Most common utilities used in Android mobile application pentest

Apr 17, 2023

As technology continues to advance and mobile devices become more prevalent, mobile applications security is becoming increasingly important. Mobile application penetration testing is a critical process in ensuring the security of mobile applications. In this article, we will discuss the most common tools that a penetration tester must use to execute a mobile application pentest in Android.

These tools are essential for identifying vulnerabilities and potential security threats within the Android operating system and can help ensure that mobile applications are secure and resilient against attacks. By using these tools, penetration testers can gain a deeper understanding of how attackers might attempt to compromise a mobile application and take proactive steps to prevent such attacks from occurring.

1. ADB (Android Debug Bridge)

Android Debug Bridge is a command line tool that allows communicating with Android devices, physical or simulated devices. This tool provides a variety of device actions related to the pen-testing process, such as:
  • Installing and debugging apks
  • Copy files to/from a device
  • Launch a Unix shell
  • Calls to activity manager (am) to interact with apps’ IPCs

2. Apktool

Apktool is a tool for reverse engineering Android applications. It can decode the apk file and extract the source code to its nearly original form. Furthermore, it allows for to correct extracting of AndroidManifest.xml files where the penetration tester could detect relevant findings such as permissions used by the app or possible vulnerable components. In addition to this, it is possible to modify resources and rebuilt them into a new application file.

3. Drozer

Drozer is a security testing framework for Android, and it is open-source software. It allows the penetration tester to search for security vulnerabilities in apps by assuming the role of an app and interacting with other apps’ IPC (Inter-Process Communication) endpoints and directly with the Dalvik VM. This powerful tool is an alternative to Android Debug Bridge for interacting with apps’ IPCs. In addition, it is necessary to install the Drozer Agent on Android devices.

4. Frida

Frida is a dynamic code instrumentation toolkit. It allows you to inject your code and to programmatically and interactively inspect and change running processes. In addition, it allows interaction with applications to inject code to bypass security techniques implemented by developers, such as certificate pinning. Furthermore, this tool is used to hook dynamically to manipulate dynamically loaded classes from the application.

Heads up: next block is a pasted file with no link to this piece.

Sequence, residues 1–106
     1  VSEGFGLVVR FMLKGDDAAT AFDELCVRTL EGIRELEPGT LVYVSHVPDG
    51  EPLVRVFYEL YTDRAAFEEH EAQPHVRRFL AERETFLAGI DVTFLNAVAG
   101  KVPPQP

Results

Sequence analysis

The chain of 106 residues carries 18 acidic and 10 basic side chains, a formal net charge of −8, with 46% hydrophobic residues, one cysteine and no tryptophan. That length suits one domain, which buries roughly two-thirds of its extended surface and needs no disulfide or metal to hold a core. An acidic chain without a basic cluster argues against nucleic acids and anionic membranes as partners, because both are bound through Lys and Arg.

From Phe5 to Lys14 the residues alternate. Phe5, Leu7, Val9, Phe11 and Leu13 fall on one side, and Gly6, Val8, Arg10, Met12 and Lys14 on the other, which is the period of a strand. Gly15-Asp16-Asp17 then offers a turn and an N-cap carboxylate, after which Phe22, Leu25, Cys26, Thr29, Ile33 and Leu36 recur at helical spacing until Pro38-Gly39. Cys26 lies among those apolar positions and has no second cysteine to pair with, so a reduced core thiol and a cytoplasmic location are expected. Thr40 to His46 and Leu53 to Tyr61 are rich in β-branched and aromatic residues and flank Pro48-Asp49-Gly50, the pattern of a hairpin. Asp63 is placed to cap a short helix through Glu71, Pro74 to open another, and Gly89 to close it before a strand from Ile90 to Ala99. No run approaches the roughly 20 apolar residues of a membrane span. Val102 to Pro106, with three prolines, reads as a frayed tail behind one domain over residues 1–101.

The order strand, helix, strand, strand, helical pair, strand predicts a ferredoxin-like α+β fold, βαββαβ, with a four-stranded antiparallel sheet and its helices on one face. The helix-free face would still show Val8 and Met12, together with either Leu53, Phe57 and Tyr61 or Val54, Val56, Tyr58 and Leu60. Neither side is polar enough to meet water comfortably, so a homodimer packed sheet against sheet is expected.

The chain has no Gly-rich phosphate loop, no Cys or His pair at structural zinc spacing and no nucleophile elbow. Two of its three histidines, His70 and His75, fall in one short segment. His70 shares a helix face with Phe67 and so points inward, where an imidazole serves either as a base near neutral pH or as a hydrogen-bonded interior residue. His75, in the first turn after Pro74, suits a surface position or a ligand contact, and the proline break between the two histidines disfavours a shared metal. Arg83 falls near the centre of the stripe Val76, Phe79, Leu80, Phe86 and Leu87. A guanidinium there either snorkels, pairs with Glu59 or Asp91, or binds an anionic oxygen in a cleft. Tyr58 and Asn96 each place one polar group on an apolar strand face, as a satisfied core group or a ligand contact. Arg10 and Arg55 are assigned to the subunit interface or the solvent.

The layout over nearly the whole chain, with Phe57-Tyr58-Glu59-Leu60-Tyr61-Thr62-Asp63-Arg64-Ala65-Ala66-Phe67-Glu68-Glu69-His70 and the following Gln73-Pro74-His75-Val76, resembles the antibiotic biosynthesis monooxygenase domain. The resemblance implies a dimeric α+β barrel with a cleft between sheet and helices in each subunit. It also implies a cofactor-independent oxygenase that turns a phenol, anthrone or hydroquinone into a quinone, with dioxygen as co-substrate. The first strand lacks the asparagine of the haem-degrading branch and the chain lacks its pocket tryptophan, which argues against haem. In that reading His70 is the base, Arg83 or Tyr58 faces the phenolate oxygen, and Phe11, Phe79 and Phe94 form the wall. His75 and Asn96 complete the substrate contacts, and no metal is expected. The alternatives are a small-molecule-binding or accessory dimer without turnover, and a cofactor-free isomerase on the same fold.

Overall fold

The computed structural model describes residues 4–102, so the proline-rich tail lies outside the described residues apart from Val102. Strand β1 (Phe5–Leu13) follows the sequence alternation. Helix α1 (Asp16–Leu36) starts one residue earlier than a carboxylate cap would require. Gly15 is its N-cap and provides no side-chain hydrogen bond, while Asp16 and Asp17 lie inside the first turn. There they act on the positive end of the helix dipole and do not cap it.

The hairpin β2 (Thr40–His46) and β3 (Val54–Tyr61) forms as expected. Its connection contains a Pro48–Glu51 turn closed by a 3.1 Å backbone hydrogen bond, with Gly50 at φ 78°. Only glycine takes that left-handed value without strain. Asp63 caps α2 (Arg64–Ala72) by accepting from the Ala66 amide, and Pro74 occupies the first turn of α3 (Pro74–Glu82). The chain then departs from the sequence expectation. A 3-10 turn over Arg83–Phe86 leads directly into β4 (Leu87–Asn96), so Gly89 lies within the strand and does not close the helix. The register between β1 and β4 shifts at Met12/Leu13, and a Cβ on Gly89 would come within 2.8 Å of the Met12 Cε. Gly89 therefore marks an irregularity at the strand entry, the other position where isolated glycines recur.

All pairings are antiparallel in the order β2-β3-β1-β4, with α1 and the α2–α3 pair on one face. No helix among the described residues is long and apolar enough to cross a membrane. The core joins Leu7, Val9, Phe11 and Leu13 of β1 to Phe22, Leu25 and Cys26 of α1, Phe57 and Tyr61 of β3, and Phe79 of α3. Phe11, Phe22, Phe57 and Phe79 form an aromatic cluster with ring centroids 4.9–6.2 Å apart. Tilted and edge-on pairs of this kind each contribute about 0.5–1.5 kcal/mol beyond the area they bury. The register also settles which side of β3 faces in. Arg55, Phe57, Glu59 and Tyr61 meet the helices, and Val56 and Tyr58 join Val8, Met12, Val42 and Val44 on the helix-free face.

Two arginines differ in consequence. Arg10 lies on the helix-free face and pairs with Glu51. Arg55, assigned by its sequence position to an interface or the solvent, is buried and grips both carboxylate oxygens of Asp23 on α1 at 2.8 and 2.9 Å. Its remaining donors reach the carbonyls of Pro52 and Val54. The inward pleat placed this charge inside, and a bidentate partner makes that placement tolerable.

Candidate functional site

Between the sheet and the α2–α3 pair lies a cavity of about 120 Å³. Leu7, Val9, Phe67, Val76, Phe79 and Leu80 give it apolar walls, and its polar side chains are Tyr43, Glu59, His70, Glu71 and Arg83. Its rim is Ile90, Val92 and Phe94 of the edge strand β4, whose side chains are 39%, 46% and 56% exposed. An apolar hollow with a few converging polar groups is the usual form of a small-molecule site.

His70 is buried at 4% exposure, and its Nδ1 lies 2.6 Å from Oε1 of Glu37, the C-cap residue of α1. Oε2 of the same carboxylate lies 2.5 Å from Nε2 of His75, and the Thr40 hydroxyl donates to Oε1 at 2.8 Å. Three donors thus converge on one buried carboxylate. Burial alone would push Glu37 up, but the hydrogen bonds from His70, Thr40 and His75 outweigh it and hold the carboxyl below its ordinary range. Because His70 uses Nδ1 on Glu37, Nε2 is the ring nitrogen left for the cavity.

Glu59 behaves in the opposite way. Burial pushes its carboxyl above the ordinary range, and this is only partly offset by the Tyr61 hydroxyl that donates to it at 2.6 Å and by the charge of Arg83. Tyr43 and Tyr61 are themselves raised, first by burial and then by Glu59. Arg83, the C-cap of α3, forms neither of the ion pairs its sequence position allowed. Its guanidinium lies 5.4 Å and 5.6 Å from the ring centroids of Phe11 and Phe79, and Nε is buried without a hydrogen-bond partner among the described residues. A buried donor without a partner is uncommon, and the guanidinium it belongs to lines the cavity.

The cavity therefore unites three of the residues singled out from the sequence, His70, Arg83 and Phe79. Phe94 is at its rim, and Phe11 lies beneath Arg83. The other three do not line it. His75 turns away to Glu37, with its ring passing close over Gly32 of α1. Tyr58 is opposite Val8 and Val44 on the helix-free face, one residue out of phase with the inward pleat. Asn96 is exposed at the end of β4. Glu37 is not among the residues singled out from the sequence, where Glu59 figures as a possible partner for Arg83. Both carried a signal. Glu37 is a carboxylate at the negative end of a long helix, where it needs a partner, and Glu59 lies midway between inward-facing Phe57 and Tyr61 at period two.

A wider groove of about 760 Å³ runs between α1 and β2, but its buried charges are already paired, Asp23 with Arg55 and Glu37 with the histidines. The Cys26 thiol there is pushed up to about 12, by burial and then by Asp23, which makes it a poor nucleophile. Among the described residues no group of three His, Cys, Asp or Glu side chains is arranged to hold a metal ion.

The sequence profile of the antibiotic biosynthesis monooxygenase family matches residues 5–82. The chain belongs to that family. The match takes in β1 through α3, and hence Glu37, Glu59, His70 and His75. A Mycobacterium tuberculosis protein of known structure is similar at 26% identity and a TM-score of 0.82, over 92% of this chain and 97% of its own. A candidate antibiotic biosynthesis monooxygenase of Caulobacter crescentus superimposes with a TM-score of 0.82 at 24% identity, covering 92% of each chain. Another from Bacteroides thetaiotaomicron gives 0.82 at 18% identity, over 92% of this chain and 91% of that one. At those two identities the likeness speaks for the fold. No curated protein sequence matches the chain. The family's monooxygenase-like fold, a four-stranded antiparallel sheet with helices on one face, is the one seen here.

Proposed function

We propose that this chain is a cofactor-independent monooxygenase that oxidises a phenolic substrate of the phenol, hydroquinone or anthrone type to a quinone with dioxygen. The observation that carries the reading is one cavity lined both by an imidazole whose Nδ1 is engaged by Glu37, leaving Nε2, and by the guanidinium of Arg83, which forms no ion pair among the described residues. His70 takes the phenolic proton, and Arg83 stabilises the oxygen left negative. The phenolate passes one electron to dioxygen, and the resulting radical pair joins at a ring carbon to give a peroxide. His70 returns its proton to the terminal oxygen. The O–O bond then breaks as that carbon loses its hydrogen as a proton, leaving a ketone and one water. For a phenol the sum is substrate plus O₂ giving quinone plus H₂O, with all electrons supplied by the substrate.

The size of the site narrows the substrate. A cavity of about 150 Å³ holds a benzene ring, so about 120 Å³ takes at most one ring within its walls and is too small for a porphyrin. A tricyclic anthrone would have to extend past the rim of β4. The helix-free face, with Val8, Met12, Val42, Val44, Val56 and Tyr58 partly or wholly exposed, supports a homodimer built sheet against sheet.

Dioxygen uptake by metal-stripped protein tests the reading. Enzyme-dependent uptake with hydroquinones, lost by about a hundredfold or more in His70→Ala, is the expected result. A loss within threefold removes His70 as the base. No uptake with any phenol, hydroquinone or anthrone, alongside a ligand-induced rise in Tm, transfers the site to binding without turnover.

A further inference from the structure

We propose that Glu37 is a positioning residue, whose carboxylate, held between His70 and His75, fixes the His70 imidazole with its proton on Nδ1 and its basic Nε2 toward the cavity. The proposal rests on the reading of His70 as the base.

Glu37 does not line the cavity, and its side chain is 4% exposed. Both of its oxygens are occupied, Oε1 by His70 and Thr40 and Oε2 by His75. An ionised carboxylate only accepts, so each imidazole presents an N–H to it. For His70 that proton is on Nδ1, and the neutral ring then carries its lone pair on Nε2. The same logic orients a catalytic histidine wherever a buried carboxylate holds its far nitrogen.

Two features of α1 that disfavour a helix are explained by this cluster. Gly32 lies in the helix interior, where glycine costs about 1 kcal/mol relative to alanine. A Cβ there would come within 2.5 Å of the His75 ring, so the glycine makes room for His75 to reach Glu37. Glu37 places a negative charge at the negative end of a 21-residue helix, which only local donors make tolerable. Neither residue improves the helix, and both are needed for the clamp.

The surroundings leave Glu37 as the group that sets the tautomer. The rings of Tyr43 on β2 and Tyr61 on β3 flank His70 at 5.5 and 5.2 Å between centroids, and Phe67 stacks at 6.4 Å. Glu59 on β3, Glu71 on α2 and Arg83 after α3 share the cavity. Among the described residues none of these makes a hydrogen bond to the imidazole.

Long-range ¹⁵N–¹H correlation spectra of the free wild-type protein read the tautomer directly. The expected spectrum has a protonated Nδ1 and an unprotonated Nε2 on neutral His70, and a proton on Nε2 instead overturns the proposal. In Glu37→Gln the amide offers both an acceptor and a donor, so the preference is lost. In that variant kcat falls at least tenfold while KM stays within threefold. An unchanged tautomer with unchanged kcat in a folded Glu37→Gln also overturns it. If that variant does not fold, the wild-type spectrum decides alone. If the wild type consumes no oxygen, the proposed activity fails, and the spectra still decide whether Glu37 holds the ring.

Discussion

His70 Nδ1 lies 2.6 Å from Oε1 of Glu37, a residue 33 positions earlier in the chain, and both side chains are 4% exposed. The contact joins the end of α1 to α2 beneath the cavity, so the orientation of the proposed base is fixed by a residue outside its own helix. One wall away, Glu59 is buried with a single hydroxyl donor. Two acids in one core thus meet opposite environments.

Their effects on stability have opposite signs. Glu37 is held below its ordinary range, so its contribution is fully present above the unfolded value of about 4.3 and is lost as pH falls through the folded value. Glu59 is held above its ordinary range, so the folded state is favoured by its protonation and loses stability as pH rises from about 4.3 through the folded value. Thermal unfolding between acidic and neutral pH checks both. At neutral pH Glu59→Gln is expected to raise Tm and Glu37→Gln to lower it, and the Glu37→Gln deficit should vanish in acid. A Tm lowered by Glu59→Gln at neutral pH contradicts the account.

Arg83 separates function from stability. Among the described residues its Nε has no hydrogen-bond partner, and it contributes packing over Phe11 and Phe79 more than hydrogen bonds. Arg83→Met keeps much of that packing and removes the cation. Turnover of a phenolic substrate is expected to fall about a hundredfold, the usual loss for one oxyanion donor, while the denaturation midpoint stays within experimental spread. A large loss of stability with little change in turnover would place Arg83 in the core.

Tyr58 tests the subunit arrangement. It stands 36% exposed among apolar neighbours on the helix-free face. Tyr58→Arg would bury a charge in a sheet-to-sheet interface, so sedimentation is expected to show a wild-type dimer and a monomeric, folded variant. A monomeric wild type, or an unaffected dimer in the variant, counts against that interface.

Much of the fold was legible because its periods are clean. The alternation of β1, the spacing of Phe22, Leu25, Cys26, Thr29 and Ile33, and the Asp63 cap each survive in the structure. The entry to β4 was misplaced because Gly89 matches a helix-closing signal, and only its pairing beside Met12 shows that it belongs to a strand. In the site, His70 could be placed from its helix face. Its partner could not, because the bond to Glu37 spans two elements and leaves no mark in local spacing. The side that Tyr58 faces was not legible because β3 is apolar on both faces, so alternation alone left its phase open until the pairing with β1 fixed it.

5. MobSF

Mobile Security Framework (MobSF) is an automated, all-in-one mobile application (Android/iOS/Windows) pen-testing, malware analysis, and security assessment framework capable of performing static and dynamic analysis. It supports mobile app binaries (APK, XAPK, IPA & APPX) along with zipped source code. It has the functionality to export results and create a report in a PDF file.
The tools shown in this article are essential for any Android mobile pen-testing. Therefore, anyone involved in Android mobile pen-testing should be thoroughly familiar with them. Finally, it is important to mention that Mobile app security assessments are essential for any enterprise with publicly available apps. In addition to this, Google has launched its Mobile Application Security Assessment which includes several categories to evaluate, in this way, pen-testers can assess the strength of an application against known and potential threats to protect not only users but also the enterprise from potential disaster. Proper assessments can give more confidence to users when using an app. Adopting standard like this, reduce risks, save time, and implement actionable security measures to not only improve safety but meet mandatory compliance.